In a March 28 story about the killing of three burglars during a home invasion, The Associated Press incorrectly reported the name of an organization. The correct name is the National Conference of State Legislatures, not National Council of State Legislatures.
A corrected version of the story is below:
A woman believed to have driven three burglars to an Oklahoma home where they were shot to death during a suspected home invasion has been arrested on murder and robbery warrants but the homeowner's son who shot them has not been arrested while police investigate whether he acted in self-defense under the state's "Stand Your Ground" law.
Wagoner County Deputy Nick Mahoney said Tuesday that Elizabeth Marie Rodriguez, 21, of Oologah was arrested on three first-degree murder and three first-degree burglary warrants and was jailed without bond after going to police and saying she had information about the shooting at a home just east of the Tulsa suburb of Broken Arrow.
"It was determined she had driven these individuals to the house and dropped them off with the intent to burglarize the residence," Mahoney said. He said he did not know whether Rodriguez had an attorney.
Oklahoma law allows a person to be charged with murder if they take part in a crime in which people are killed, even if the person does not take part in the slaying. Oklahoma also is one of 24 states which have laws allowing citizens to shoot someone if they believe the person threatens their safety, according to the National Conference of State Legislatures.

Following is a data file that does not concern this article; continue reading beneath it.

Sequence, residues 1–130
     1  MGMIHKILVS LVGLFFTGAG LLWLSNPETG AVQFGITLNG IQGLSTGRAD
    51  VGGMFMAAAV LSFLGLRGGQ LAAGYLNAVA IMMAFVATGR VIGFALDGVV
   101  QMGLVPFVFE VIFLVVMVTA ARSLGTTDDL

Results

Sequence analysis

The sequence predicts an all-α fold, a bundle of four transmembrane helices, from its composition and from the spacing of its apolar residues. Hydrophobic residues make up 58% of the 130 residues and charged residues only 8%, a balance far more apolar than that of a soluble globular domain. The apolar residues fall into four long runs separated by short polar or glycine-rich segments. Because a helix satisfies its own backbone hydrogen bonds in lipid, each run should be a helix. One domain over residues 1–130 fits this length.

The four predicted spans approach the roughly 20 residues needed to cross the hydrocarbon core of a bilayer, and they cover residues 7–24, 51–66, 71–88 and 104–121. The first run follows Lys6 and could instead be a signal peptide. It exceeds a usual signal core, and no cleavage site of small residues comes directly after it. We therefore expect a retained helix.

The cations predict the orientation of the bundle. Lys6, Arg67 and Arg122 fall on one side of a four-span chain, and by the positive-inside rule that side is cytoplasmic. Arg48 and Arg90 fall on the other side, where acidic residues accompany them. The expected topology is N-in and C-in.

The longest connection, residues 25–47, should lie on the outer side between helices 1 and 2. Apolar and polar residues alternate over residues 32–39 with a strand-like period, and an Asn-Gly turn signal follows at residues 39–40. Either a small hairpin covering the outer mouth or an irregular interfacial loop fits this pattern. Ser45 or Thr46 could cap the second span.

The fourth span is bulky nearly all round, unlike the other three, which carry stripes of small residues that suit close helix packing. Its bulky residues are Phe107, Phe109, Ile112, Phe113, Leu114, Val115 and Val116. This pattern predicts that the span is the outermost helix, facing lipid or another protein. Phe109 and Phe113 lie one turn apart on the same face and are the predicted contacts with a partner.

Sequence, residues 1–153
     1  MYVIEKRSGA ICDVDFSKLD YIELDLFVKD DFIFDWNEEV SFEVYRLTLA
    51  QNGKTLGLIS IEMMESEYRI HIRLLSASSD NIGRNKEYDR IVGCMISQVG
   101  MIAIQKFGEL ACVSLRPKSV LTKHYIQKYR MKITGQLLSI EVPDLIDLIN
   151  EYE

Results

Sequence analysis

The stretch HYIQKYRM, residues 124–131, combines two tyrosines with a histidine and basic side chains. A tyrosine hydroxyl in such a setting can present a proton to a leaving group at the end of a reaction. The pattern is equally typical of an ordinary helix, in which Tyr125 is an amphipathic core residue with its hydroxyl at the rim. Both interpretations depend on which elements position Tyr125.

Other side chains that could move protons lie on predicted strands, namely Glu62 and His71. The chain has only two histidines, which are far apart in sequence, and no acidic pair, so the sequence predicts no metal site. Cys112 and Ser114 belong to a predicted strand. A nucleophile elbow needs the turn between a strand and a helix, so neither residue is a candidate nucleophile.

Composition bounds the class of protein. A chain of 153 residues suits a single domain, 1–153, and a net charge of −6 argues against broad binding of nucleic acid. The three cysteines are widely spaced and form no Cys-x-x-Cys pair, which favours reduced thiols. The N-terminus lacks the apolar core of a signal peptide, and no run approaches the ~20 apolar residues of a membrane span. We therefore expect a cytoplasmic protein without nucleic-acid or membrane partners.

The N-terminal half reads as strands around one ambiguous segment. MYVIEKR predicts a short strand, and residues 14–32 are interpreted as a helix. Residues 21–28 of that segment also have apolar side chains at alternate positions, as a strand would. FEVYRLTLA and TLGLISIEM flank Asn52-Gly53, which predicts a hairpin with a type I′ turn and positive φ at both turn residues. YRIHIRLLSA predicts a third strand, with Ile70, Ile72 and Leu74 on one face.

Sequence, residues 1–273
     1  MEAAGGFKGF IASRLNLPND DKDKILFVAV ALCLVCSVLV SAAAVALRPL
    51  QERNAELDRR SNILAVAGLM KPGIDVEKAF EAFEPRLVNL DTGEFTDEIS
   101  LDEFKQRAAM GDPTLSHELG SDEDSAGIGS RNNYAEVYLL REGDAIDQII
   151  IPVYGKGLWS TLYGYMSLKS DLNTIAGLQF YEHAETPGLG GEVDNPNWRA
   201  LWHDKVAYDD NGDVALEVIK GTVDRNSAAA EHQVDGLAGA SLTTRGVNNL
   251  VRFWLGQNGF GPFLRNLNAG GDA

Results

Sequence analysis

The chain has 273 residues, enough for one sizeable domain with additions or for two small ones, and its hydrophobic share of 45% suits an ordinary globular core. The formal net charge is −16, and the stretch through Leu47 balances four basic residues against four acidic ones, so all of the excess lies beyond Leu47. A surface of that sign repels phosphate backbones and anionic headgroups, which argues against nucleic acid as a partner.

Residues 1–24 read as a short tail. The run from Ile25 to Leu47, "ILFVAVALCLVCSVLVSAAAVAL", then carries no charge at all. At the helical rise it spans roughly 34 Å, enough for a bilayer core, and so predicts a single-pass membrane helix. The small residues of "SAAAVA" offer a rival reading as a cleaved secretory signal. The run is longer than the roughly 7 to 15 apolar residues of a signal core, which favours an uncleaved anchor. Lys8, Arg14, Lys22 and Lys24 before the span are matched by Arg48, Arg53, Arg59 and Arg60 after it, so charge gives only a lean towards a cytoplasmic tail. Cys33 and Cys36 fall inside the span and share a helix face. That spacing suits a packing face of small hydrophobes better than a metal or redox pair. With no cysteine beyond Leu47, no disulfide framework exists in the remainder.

Mahoney said the homeowner's 23-year-old son used an AR-15 rifle to shoot the three Monday afternoon after they broke through a glass door in the rear of the home.
Their names were not released, but Mahoney said two of the dead were 16 or 17 years old and the third was 18 or 19. The three were found wearing masks and gloves and dressed in black clothing. Brass knuckles and a knife were found among their possessions, he said.
"It looks like self-defense from the preliminary investigation, but that's all speculative," Mahoney said. "There's some speculation as to whether or not that (Stand Your Ground) law applies in this case, the simple answer is I don't know."
Police sometimes make a recommendation to the prosecutor on whether or not to file charges, but Mahoney said he did not know if investigators will do that in this case.
Mahoney said the homeowner was not in the residence at the time of the shooting and that authorities were called to the home by the son shortly after the shooting.